Sketchup 2017 + Vray 3.6 on 2018 iMac Pro?

mac
imac

#1

Hi everybody,

I am thinking about buying latest Apple iMac Pro to work with Sketchup 2017 + Vray 3.6 .
I don’t have to much experience with hardware and it is also hard to find some benchmark on the internet for this configuration so can anyone please tell me something about it ?

I am currently using SU + Vray on windows 7 with this spec :
i7 4770K
GTX 760 2GB
32GB RAM DDRAM3

I bought this computer 3 years ago and from this time I do more high res renders and this is not enough for me anymore. Sometimes I must wait for around 40 hours to make a scene. Also I don’t like Windows operating system and love to go on for macOS. I know that iMac pro is expensive but interior design is my full time job and I can afford it. Can someone tell me what are the most important hardware components for my job ? Does SU + Vray use singel core or multicore technology ? Maybe the GPU is more important than CPU ? Maybe someone can tell me theoretically how much faster is iMac Pro between my current desktop PC ?

Thank you,
Simon


#2

Get a CUDA supported PC if you want to render. Much cheaper than the MAC alternative and upgradable. I would never buy an iMac again for 3D and CAD work and i’ve been though most models including all of the Pro towers (not used the iMac Pro).


#3

Thank you, but I don’t want to stay on Windows anymore. I know that iMac Pro is not upgradable (besides RAM) but I am also looking for setup for next 2-3 years so this is also no problem in my case.


#4

Yeah well it’s pretty good but you are going to struggle with real GPU rendering using an iMAC given it’s not a CUDA supported card so wont work with all render software.


#5

I am using only Vray 3.4 for Sketchup 2017, I am sure that this will not change in the future so I am interested especially in it.


#6

Well if you use a MAC you will not be able to take full advantage of the GPU CUDA render option in Vray so still stuck in the slow lane unfortunately. You can still use Open GL via AMD but it’s not as quick, at least in my experience.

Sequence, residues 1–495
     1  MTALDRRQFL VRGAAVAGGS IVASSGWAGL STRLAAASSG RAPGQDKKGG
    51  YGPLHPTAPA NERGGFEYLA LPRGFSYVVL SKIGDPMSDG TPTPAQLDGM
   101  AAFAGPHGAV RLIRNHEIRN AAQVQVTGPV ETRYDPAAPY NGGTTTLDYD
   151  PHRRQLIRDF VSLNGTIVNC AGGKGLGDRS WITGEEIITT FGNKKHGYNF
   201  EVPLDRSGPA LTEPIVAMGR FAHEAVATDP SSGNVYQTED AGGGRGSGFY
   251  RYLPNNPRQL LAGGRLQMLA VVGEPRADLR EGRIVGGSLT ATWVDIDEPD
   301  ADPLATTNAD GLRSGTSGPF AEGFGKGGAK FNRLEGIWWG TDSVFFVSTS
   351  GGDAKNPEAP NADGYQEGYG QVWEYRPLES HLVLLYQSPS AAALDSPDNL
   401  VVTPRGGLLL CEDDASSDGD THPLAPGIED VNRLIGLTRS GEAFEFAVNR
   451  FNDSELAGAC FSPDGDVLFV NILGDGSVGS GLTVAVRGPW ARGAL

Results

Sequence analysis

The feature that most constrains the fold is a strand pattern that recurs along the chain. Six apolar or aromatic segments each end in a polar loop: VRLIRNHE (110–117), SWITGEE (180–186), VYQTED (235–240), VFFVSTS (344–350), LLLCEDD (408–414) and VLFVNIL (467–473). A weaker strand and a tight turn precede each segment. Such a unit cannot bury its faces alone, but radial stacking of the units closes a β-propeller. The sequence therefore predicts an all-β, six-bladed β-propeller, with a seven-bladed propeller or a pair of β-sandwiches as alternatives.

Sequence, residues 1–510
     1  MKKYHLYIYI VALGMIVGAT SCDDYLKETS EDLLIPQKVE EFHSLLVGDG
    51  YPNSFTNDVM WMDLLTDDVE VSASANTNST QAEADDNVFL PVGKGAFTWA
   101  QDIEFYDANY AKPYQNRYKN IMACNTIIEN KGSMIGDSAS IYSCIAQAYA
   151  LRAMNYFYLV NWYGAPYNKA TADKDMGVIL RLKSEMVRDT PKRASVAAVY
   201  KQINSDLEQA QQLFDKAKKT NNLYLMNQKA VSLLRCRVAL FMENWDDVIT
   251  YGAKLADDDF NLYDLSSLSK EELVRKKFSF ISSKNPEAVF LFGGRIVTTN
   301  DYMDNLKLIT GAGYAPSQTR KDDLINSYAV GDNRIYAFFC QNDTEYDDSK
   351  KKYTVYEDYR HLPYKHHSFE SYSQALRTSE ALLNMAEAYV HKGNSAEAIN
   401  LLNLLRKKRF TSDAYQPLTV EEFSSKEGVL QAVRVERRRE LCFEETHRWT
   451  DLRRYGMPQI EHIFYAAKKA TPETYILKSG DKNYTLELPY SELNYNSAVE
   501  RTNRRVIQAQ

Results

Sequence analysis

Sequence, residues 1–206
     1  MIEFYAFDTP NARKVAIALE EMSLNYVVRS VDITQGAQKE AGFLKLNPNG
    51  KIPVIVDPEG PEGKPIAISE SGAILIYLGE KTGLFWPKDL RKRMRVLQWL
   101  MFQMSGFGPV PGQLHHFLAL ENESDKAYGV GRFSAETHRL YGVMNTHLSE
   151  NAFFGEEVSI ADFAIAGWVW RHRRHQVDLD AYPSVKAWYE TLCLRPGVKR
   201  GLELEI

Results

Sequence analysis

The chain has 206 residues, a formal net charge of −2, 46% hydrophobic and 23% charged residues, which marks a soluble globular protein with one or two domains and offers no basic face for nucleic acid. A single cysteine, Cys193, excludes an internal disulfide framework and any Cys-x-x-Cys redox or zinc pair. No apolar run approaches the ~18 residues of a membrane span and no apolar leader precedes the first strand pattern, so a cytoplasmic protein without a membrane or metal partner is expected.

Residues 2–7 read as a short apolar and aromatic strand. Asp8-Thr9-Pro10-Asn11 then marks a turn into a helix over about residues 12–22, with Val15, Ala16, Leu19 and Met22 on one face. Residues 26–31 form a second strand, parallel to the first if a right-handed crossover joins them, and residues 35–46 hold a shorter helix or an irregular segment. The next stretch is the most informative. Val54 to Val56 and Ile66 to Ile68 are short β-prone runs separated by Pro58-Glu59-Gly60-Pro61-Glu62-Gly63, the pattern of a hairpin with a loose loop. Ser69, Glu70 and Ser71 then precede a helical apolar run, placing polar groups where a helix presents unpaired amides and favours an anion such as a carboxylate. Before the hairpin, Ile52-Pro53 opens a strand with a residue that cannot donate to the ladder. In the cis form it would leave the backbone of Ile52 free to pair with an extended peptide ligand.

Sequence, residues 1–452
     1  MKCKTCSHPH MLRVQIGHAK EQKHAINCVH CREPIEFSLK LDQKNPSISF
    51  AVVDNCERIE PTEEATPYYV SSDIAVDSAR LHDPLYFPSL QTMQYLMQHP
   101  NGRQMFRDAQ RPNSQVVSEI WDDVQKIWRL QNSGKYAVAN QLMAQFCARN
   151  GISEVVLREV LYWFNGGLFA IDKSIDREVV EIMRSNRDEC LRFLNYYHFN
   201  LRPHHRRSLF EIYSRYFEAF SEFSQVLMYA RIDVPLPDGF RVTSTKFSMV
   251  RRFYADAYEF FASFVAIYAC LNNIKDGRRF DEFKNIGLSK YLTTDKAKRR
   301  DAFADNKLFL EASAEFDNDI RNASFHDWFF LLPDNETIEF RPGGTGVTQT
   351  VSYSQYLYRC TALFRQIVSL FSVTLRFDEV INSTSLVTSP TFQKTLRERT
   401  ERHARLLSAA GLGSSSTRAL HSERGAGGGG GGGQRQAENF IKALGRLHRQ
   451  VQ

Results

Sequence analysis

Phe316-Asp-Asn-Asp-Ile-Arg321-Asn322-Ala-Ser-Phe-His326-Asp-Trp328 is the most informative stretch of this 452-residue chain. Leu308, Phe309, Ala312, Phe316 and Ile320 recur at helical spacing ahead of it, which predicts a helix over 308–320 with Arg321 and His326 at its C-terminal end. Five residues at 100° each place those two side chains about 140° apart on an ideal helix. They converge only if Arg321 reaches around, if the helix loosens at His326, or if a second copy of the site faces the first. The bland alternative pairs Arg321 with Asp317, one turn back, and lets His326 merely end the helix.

Even if you look at the iMac Pro website and they have the list of software and benchmarks, they don’t list a single 3D app, just video, audio and design software.

Maybe go on a site like Ars Technica and look at the benchmark performance of the GPU in iMac Pro compared to something else in the same price range?


#7

thank you very much for your advise


#8

I have a Mac that I use for models (until they get very big) and then I switch over to my PC for rendering. I would like a Mac render machine but for my requirements they simply don’t exist. My GTX 980ti 6GB only cost me £600 and it renders a full 4k frame in 10-60 mins. For illustration I render out at 10k and that will take maybe 11 hours for a full frame but that is mighty fast and better than anything I am going to get on a MAC.


#9

here You can compare different specs https://www.chaosgroup.com/vray/benchmark


#10

Don’t you already need to own the hardware to run that test?

Edit: nvm found it.


#11

thank you, but can’t find GPU or CPU from latest iMac Pro there


#12

I think thats the point!

Edit (clarity): that most people are using CUDA based machines for rendering in VRAY not open GL.


#13

I found benchmark of iMac Pro with 8 core CPU there https://benchmark.chaosgroup.com/cpu/details?hw=Intel(R)+Xeon(R)+W-2150B+CPU+%40+3.00GHz+x20

I also made benchmark of my computer and CPU score is 3:22
iMac Pro 8 core Xeon CPU score is 1:00

So it is “just” 3 times faster than my current computer ?


#14

Is that 3 hours 22 mins or 3 mins 22 seconds?

I wonder why the CPU score is less than the GPU, maybe @robertjuch knows more ( I don’t have Vray).


#15

This is 3 minutes 22 seconds, I am also wondering about it


#16

Is the benchmark actively testing GPU rendering capability or just regular render time? I have Thea Render on my PC. Non-GPU rendering can take days while GPU rendering is only hours.


#17

http://www.gpurendering.com/technology/CudaVsOpencl.html


#18

Good article Mike

So basically Nvidia for CUDA and AMD for Open GL however if you can get a newer GTX card it will do both.


#19

Perhaps VRay will support openCL some day in near future.
In the meantime:
https://architosh.com/2018/01/apple-showcases-twinmotion-2018-updates-imac-pro-page-with-stats/


#20

I wonder how the Vive runs on the iMac Pro.

Edit: wow £5k for the base model